Saturday, December 13, 2008

How To Lie With Statistics

So I happened to see an eyebrow-raising headline the other day at USA Today: North Dakota tops analysis of corruption.

This smelled a little fishy to me. More corrupt than Illinois? More corrupt than Louisiana? More corrupt than New Jersey, for cryin' out loud?

Well, that's what the story said:
On a per-capita basis, however, Illinois ranks 18th for the number of public corruption convictions the federal government has won from 1998 through 2007, according to a USA TODAY analysis of Department of Justice statistics.
Ay, therein lies the rub. This is a case where, as we move from the original statistics to the journalistic analysis to the news story, that the truth gets increasingly buried. I'm reminded of the old dictum--attributed to Mark Twain--of there being three kinds of untruths: lies, damned lies, and statistics.

The Justice Department statistics list the number of convictions for public corruption that have been made in the federal courts, broken down by state.

And it turns out that if you take each of these numbers and divide them by the number of people in the appropriate states, North Dakota has the highest number of federal public corruption convictions per capita of any state in the nation.

I suppose it's inevitable that the headlines would start trumpeting that North Dakota is the most corrupt state! But that conclusion does not exactly follow from the evidence they present.

Here are some potential ways their conclusion breaks down:
  • This metric only counts the number of convictions, not the number of crimes. You only get a conviction when the person is caught. If no one ever gets caught, you can have all the corruption in the world, and still have a low number of convictions--and thus a lower ranking than everyone else. It may be the case that North Dakota is just better at finding its crooks than everyone else--resulting in more convictions, and thus a higher ranking on the list.
  • This list only counts federal public corruption convictions. What about state public corruption convictions? It could be that other states catch their own crooks and try them in the state court systems, and North Dakota just happens to be deficient in this regard, so the feds are the ones doing all the work there. It doesn't automatically mean that North Dakota actually has more crimes going on.
  • The statistic is counted as a per-capita with respect to the population of the state, not with respect to the population of the state's public servants.
Here's what I mean by this last one: California has 120 people in its legislature--40 in the senate, 80 in the assembly. But California has 36.5 million people. Now, suppose that--on average--one crime is committed per year by each member of the legislature. (I don't know the true figure here; I'm just assuming that they're all crooks, for the purpose of this analysis.) :-) That means 120 crimes are committed by the legislature, or 3.3 crimes for every million people in the state.

North Dakota, on the other hand, has 141 people in its legislature--47 in the senate, and 94 in the assembly. But North Dakota has not quite 640,000 people. If the legislators of North Dakota were just as corrupt as that of California (in our example), there would be one crime per legislator per year, or 141 crimes committed by the legislature, for a total of 220 crimes for every million people in the state.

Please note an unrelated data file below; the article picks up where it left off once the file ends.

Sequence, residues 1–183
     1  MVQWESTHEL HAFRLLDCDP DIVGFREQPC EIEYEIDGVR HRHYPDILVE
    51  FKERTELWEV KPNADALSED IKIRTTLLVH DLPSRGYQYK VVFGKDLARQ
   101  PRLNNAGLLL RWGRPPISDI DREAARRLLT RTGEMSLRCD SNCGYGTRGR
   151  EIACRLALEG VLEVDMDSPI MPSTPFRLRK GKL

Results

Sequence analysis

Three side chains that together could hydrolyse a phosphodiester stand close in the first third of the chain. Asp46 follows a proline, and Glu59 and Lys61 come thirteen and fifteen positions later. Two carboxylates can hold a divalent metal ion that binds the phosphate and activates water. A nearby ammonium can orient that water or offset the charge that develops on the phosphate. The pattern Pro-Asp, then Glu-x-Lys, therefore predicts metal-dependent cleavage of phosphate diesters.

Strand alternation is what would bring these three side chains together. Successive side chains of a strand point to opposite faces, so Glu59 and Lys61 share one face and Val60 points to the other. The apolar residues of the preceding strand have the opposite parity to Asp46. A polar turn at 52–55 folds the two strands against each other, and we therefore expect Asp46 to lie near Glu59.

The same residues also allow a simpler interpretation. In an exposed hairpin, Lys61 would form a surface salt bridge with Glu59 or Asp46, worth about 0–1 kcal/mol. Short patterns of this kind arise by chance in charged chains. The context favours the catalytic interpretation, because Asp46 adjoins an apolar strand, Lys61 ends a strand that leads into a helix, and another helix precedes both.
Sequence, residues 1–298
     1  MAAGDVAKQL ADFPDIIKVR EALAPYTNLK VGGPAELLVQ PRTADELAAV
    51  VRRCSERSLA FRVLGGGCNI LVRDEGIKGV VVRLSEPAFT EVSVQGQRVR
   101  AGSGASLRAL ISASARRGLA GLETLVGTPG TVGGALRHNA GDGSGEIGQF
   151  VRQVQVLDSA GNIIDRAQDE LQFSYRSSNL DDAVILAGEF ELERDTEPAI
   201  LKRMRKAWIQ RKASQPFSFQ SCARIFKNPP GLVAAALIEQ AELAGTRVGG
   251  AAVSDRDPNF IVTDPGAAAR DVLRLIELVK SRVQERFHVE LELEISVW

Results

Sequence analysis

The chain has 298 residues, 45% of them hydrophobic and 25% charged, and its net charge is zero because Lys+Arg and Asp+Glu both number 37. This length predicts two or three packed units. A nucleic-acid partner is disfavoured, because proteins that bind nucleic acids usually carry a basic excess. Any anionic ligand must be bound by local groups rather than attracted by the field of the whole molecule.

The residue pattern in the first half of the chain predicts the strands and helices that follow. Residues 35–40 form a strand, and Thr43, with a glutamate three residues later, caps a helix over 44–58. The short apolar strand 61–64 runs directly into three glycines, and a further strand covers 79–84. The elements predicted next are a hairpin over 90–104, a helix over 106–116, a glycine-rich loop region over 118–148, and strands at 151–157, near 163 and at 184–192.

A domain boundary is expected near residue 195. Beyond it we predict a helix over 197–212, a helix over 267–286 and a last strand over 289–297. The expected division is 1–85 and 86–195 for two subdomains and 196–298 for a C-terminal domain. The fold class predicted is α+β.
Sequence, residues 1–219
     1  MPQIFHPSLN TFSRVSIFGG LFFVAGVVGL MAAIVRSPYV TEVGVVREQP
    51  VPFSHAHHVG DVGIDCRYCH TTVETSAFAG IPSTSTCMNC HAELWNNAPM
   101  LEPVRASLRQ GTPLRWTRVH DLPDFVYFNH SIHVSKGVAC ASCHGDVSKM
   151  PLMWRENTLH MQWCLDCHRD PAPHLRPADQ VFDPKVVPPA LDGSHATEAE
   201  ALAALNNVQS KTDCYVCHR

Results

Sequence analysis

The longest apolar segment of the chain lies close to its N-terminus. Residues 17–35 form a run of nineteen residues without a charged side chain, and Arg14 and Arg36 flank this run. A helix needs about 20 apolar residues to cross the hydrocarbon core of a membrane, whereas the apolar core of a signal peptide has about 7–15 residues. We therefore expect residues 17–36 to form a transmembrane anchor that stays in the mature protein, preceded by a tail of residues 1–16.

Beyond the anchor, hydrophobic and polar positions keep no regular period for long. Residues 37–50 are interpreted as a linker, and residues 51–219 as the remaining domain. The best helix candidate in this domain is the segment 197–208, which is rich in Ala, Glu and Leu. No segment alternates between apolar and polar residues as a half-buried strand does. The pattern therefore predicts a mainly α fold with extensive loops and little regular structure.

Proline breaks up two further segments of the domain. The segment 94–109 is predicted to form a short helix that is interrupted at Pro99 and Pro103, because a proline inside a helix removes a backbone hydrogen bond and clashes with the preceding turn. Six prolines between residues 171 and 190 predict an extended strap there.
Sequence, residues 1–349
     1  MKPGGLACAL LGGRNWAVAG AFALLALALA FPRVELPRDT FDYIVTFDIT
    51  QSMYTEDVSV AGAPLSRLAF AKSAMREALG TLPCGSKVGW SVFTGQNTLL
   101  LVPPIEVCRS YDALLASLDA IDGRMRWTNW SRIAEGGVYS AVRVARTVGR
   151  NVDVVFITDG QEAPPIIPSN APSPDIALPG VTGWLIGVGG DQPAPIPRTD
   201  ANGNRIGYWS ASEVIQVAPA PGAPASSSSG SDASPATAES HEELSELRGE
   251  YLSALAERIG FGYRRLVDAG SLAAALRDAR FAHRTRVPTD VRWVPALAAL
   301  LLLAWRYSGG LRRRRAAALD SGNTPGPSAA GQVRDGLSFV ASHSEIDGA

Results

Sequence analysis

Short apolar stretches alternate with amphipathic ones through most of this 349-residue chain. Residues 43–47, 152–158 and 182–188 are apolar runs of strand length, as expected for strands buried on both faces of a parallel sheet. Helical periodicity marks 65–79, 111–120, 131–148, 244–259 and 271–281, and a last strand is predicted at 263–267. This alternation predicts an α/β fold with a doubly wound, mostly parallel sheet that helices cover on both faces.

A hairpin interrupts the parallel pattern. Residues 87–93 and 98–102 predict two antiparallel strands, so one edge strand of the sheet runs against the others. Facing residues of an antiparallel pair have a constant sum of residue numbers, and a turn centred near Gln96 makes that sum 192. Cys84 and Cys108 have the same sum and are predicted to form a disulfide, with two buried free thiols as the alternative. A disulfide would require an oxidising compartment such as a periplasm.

With the probing analysis of the USA Today headline writers, they'd conclude that North Dakotans are (220/3.3=) 67 times as corrupt as Californians--whereas the truth is merely that the legislators of each state are equally corrupt, but North Dakota just has more corrupt legislators per capita.


To be fair, the story does walk back its headline somewhat, and it gives the North Dakota partisans the opportunity to give their opinions as to why the reporters are full of it:

Don Morrison, executive director of the non-partisan North Dakota Center for the Public Good, said it may be that North Dakotans are better at rooting out corruption when it occurs.

"Being a sparsely populated state, people know each other," he said. "We know our elected officials and so certainly to do what the governor of Illinois did is much more difficult here."

And later:
The analysis does not include corruption cases handled by state law enforcement and it considers only convictions. Corruption may run more rampant in some states but go undetected.
Yeah, yeah. But the trouble is, when you have a spectacular headline like this, that some non-trivial percentage of people will read the headline, and get the meme North Dakota is the most crooked state of the Union! in their heads--without bothering to read through to the end where all the walk-backs are, and without bothering to think about whether the evidence presented in the story actually adds up to the conclusion they're trying to push in the headline.


My wife just asked the question: "So were the reporters from Illinois?" I'm shocked, shocked that she could be so cynical.... :-)

But then, her mom grew up watching the political scene in Kentucky....


Roger Z said...

I think this is the first step on the way to the meme that "everyone does it." Blago goes to jail for graft? Heck, it's universal, it's not THAT big a deal. You can see where, if the public buys into that, it might be a useful defense in the near future for certain media darlings.

Timothy Power said...

Hey--you know, I love it when one of my commenters leaves a comment that gives me an idea for another blog post. Thanks!